If the sensors are set off, Kauffman, as well as a number of other staff members will get a text notification on their phones with details about what was detected and which specific sensor was set off.
“At the end of last school year, I was really searching for an answer as to how can we even begin to combat vaping in our schools,” she said.
After researching the devices online, Kauffman made a formal presentation to Riverside’s Board of Education in September — which was approved.
The sensors were installed over Christmas break.
Kauffman said students and parents were made aware of the new technology, and so far — the reaction has been positive.
She said as of Monday, there were no vaping-related incidents that had been detected.
The implementation of the sensors comes in the wake of a national vaping epidemic.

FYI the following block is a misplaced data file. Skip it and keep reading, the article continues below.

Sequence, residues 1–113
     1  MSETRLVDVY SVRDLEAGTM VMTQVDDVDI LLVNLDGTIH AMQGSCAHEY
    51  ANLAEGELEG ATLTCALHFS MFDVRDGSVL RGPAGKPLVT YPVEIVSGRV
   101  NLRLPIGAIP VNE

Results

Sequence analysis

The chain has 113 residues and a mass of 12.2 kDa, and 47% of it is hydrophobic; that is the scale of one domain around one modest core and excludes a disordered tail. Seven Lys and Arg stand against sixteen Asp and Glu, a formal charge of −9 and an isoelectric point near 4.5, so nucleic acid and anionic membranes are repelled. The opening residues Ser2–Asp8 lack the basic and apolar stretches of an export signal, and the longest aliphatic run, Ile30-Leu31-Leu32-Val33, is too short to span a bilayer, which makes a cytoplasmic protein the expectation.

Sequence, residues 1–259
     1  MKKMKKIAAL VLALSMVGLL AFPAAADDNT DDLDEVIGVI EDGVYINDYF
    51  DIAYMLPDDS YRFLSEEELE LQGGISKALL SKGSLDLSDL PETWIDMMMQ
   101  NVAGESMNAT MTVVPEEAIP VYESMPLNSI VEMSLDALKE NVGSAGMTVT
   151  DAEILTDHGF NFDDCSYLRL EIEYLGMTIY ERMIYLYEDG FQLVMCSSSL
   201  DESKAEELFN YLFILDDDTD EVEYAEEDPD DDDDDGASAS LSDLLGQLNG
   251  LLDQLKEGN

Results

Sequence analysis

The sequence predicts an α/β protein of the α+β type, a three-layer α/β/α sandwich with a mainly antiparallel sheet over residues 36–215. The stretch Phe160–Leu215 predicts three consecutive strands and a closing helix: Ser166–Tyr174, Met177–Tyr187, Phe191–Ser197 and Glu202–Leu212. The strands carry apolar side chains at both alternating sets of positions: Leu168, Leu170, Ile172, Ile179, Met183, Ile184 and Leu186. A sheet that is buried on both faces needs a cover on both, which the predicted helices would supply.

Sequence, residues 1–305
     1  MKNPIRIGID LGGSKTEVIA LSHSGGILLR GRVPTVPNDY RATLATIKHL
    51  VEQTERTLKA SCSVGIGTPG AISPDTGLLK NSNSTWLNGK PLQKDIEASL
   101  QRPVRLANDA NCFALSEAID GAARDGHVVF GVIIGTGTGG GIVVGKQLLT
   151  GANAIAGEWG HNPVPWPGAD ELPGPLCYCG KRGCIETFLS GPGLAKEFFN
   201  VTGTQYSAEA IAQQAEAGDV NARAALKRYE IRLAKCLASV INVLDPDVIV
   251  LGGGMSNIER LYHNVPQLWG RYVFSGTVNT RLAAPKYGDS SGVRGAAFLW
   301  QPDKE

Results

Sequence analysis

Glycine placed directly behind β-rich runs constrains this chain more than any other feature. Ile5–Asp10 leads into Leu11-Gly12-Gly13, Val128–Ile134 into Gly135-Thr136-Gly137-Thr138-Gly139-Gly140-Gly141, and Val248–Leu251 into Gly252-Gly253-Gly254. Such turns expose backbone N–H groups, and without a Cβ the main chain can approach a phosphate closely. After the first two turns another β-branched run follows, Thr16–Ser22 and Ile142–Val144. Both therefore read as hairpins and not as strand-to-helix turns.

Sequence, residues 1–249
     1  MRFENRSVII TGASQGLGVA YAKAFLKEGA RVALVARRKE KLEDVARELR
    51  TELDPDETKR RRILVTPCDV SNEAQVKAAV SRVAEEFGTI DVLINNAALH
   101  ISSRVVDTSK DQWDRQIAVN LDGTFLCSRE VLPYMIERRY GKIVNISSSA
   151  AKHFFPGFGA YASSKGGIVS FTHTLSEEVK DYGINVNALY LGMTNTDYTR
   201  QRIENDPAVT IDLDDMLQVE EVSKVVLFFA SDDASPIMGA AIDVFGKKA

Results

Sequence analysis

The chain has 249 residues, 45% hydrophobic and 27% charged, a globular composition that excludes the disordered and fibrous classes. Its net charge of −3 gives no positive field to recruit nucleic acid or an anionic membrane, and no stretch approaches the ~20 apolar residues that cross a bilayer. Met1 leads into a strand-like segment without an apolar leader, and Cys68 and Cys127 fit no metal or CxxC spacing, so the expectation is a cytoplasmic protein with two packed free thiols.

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The CDC says in 2018, more than 3.6 million U.S. middle and high school students admitted to using e-cigarettes in the past 30 days — which breaks down to 20.8% of all high school students and 4.9% of middle school students.
Besides nicotine, which is harmful to kids’ brain development, e-cigarettes also can contain aerosols that can harm the body that includes cancer causing chemicals and tiny particles that can reach deep into the lungs, according to the CDC.
“This is not something we’re going to condone or turn a blind eye to — so that’s why we decided to be proactive,” said Kauffman.
West-Liberty Salem Local Schools also are in discussions about acquiring the technology, but has not committed to installing them.